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Showing posts with label esther. Show all posts
Showing posts with label esther. Show all posts

Tuesday, March 7, 2017

Purim and the Partisans: A Jewish Tale of Defiance

The celebration of Purim is one of victory over an oppressor, with themes that echo throughout countless stories of the Jewish partisans during the Holocaust, including hidden identities, outwitting enemies, recruiting allies, providing food for those in need, confronting antisemitism and, of course, armed resistance.



Purim celebration held by the Beitar Zionist movement in Wlodzimierz, Poland in 1937. Thousands of Beitar members reportedly formed or joined partisans groups and participated in the in the Warsaw, Vilna, and Bialystok ghetto revolts. Photo source: USHMM.

At the climax of the Purim story, Queen Esther (whose name can mean "hidden") reveals her Jewish identity in order save her people. At significant risk to her own safety, Esther confronts her husband, King Ahasuerus, and convinces him to thwart Haman's order to exterminate the Jews of Persia. The king grants Esther and her cousin Mordecai ("warrior") the authority to issue a counter-order, allowing the Jews to take up arms against their attackers.

And he wrote in the king Ahasuerus' name, and sealed it with the king's ring, and sent letters … wherein the king granted the Jews, which were in every city, to gather themselves together, and to stand for their life, to destroy, to slay and to cause to perish, all the power of the people and province that would assault them… (Esther 8:10-11)

Through a combination of intellectual planning and physical force, the Jewish people defeat Haman's antisemitic minions, and live to celebrate their victory:

The Jews gathered themselves together in their cities throughout all the provinces of the King Ahasuerus, to lay hand on such as sought their hurt: and no man could withstand them; for the fear of them fell upon all people. And all the rulers of the provinces, and the lieutenants, and the deputies, and officers of the king, helped the Jews; because the fear of Mordecai fell upon them. (9:2-3)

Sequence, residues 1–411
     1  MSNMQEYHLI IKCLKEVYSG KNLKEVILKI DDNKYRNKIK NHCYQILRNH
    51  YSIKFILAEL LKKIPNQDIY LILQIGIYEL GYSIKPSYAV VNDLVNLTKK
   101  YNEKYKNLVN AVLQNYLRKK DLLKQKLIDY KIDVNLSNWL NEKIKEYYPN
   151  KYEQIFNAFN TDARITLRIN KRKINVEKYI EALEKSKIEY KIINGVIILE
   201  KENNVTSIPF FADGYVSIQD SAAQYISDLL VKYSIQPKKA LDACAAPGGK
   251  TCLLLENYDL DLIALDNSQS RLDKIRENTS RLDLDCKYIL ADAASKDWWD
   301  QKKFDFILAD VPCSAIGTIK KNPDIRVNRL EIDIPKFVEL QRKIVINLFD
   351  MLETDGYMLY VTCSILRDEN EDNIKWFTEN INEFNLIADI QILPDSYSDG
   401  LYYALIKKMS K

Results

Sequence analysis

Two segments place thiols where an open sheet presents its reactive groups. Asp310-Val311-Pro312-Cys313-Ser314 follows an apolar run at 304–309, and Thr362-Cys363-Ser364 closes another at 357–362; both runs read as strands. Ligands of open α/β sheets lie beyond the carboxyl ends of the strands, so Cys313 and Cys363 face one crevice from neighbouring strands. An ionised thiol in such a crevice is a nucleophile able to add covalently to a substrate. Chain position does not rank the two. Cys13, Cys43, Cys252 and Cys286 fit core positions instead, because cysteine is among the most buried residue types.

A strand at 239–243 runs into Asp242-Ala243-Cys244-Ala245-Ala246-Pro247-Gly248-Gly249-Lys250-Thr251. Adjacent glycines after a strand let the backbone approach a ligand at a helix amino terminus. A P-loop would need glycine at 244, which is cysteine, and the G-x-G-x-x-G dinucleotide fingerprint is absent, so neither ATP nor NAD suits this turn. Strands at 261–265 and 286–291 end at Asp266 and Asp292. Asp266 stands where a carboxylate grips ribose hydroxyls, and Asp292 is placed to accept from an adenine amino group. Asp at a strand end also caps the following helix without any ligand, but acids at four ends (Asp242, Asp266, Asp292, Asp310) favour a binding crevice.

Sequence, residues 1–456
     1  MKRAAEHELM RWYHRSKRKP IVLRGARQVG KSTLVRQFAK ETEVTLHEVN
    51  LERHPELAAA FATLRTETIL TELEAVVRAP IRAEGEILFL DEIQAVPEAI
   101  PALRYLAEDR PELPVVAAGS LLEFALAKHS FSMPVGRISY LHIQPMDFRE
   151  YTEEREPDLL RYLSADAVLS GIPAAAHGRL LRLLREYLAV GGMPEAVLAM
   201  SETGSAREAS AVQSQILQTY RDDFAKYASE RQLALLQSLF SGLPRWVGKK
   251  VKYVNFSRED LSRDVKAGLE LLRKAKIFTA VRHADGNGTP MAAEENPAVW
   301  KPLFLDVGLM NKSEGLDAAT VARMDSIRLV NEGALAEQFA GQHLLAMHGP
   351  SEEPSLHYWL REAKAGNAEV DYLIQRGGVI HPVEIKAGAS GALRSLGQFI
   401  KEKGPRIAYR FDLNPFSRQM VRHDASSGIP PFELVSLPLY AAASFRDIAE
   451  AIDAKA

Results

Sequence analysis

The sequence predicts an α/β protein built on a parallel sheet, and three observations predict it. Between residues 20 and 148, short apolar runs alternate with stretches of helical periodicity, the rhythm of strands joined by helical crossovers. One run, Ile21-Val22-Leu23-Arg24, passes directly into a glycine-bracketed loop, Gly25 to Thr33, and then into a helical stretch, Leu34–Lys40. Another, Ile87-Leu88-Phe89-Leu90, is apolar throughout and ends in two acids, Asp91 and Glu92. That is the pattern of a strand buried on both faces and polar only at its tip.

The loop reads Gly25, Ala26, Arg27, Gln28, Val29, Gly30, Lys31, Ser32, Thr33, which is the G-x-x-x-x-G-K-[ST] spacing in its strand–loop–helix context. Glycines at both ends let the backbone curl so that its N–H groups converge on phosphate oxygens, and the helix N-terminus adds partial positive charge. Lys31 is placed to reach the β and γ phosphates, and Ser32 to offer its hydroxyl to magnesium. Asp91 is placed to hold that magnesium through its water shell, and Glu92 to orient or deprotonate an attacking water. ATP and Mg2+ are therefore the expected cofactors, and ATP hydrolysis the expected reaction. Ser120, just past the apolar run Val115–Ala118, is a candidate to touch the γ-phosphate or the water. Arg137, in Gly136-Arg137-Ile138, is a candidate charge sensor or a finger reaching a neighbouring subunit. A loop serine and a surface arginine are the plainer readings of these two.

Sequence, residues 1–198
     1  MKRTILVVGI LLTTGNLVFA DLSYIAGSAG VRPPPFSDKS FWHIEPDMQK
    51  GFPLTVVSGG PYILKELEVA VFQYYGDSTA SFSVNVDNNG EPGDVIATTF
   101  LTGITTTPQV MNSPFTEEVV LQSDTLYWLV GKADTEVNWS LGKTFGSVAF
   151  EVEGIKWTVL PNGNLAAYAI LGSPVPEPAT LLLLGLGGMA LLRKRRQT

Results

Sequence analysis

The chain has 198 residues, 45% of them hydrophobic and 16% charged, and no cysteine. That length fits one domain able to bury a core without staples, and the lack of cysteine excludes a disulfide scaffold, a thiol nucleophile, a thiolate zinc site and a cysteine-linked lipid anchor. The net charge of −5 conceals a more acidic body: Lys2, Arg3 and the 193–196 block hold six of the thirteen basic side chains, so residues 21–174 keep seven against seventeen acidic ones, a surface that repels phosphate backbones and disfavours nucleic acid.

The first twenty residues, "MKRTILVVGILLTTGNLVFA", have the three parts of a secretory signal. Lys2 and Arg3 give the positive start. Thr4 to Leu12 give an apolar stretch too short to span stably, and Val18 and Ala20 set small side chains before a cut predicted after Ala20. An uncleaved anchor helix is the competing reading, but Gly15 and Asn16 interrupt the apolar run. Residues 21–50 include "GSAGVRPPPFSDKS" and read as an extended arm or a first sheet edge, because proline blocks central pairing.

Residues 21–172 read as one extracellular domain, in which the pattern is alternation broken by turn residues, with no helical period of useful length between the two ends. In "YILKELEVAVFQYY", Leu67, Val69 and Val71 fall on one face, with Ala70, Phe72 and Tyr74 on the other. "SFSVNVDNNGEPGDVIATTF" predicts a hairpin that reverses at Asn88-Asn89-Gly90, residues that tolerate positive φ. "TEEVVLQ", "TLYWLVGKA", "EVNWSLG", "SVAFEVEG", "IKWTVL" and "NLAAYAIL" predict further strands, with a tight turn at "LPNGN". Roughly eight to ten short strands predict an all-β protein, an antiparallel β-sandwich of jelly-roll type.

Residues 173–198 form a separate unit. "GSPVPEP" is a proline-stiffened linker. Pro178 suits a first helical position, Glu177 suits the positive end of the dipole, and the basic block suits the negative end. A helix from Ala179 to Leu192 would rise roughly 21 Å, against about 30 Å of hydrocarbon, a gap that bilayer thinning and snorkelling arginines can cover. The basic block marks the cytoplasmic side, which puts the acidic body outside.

…and the month [in which the Jews would have been annihilated] was turned for them from sorrow to joy, and from mourning into a good day: that they should make them days of feasting and joy, and of sending portions one to another, and gifts to the poor. (9:22)

As with the heroes of Purim, Jewish partisans saved thousands of lives through a combination of intellect, arms, the will to create a better future… and a great deal of mazal (luck). While Mordecai and Esther are heroic figures in Jewish lore, the day is truly won by the largely unsung Jews of Persia who united to rebel against their murderous assailants. As with the Jews of Persia, the great majority of the Jews who struggled against Nazi forces – both partisans and the millions more who engaged in unarmed resistance – remain nameless heroes, hidden in the shadows of our history.



Purim celebration in 1939. All but one person in this photograph - Jewish partisan Norman Salsitz - were murdered by the Nazis.

Today, the world continues to face oppressors who are willing to use brutal violence to attain their goals. The story of Purim, and the history of Holocaust resistance, teach us that the key to defeating injustice is using our minds, our bodies and our spirits to act justly to defend ourselves and others from tyranny, bigotry, and violence.


Tuesday, February 23, 2010

Queen Esther, our Heroine of Purim, Foreshadows Jewish Partisan Experience

The dramatic story of Purim, filled with deception, betrayal, and murder, as well as a beautiful woman’s heroism and the implausible victory of the Jewish people against all odds, provides a timely and unique perspective on the Jewish partisan experience of modern history.

Applying the lens of the Purim story to contextualize the Jewish partisans deepens our overall understanding of Jewish history. The King’s initial attraction to Esther allowed her to use her beauty as a shield to hide behind. When, after becoming Queen, she decides to reveal her Jewish identity, her bravery in undeniable. “I will go to the king, though it is against the law; and if I perish, I perish.” (Esther 4:16) Keeping Esther’s bravery in mind, it is easy to draw a parallel to the incredibly courageous acts of the partisans.

Like Esther, many Jewish partisans during World War II were in life or death situations, which forced them to hide their identity as a Jew. For first person testimony from partisans which invokes the Purim story, spend some time on Norman Salsitz’ bio on the JPEF website which describes his experience hiding his identity. You might also be interested in the clip from Eta Wrobel called “Eta’s beautiful hair saves her life” which can be found here